CSR Performance and Financial Position. Finance, SPSS Coursework (Coursework Sample)
the task was an mba summative submission . the sample is about "A Critical Analysis of Tesco’s CSR Performance and Benedict Co.’s Financial Position."source..
UNIVERSITY OF SOUTH WALES
Module Title: Strategic Financial Management
Module Code: AF4S31
Module Tutor: Nikki Petrou
Assessment 1 of 2
Title: A Critical Analysis of Tesco’s CSR Performance and Benedict Co.’s Financial Position.
Student No: R1604D1464657
Submission Date: 9 December 2018
Word Count: 3243 Words
To: Senior Purchasing Manager
From: Cleophus Atukwase
Date: 9 December 2018
Subject: A Critical Analysis of Tesco’s CSR Performance and Benedict Co.’s Financial Position.
Table of Contents TOC \o "1-3" \h \z \u List of Figures PAGEREF _Toc532125673 \h iiiList of Acronyms PAGEREF _Toc532125674 \h ivAcknowledgements PAGEREF _Toc532125675 \h v1.0 Introduction PAGEREF _Toc532125676 \h 12.0 Tesco’s CSR Performance and Benedict Co.’s Financial Position PAGEREF _Toc532125677 \h 22.1 Tesco’s Stakeholders and CSR Performance PAGEREF _Toc532125678 \h 22.1.1 Tesco’s Stakeholders PAGEREF _Toc532125679 \h 22.1.2 Tesco’s CSR Performance PAGEREF _Toc532125680 \h 32.1.3 Conclusion on Tesco’s CSR Performance. PAGEREF _Toc532125681 \h 62.2 An Analysis of Financial Position of Benedict Co. PAGEREF _Toc532125682 \h 62.2.1 Analysis Of Benedict Co.’s Financial Ratios PAGEREF _Toc532125683 \h 62.2.2 Conclusion on Benedict Co.’s Financial Position PAGEREF _Toc532125684 \h 92.2.3 A Critical Evaluation of the Application of Financial Ratios PAGEREF _Toc532125685 \h 9References PAGEREF _Toc532125686 \h 11Appendices PAGEREF _Toc532125687 \h 12Appendix 1: Calculations for Profitability and Liquidity Ratios PAGEREF _Toc532125688 \h 12Appendix 2: Calculations for Working Capital and Gearing Ratios PAGEREF _Toc532125689 \h 13Appendix 3: Calculations for Investor Ratios PAGEREF _Toc532125690 \h 14Appendix 4: Calculations Showing Why Ratios Changed PAGEREF _Toc532125691 \h 15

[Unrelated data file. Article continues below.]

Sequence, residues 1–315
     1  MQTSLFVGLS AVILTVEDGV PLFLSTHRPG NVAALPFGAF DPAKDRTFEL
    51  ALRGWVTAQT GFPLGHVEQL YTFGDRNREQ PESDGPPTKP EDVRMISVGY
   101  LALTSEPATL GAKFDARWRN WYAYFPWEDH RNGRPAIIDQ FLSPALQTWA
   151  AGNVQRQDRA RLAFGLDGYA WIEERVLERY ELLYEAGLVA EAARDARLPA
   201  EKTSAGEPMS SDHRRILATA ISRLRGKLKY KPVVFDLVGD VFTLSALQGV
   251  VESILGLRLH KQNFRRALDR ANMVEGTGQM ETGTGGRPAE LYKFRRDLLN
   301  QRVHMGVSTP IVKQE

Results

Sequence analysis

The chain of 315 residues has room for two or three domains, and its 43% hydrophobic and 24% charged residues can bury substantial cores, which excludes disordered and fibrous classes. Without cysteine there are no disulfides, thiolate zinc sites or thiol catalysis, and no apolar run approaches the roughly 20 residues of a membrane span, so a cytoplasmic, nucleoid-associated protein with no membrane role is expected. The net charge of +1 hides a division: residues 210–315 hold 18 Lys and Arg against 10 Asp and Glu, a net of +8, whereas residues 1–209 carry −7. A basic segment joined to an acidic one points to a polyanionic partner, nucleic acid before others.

List of Figures
Fig.1. Stakeholder Power-Interest Grid ……………………………………………………… 3
List of Acronyms
CGR Corporate Governance Report
CSR Corporate Social Responsibility
DPS Dividends per Share
EPS Earnings per Share
ESG Environmental, Social and Governance
ESR Environmental and Social Review
PBIT Profit before Interest and Taxes
ROCE Return on Capital Employed
ROE Return on Equity
I thank my module tutor, Nikki Petrou, for the guidance provided.
I thank: Annet Fokushaba (my wife); Blessed Maria Atukwasize (my daughter); and Hill Dunstan Atukwasibwe (my son) for all the love and comfort as I multitasked.
I thank Jesus Christ for all the protection and provisions throughout the study time.
This report is based on the workshop I attended recently which aimed at improving my understanding of company Annual Reports in which Tesco’s report was used as an example with the following sections: The Strategic Report including the Environmental and Social Review (ESR) and The Corporate Governance Report (CGR); and The Group Statements of: ‘Income’, ‘Balance Sheet’, and ‘Cash-Flows’. I also learned about: how different ‘stakeholders’ may use the information contained in these reports and financial statements; and financial ratios and how they can be used to interpret and assess business performance.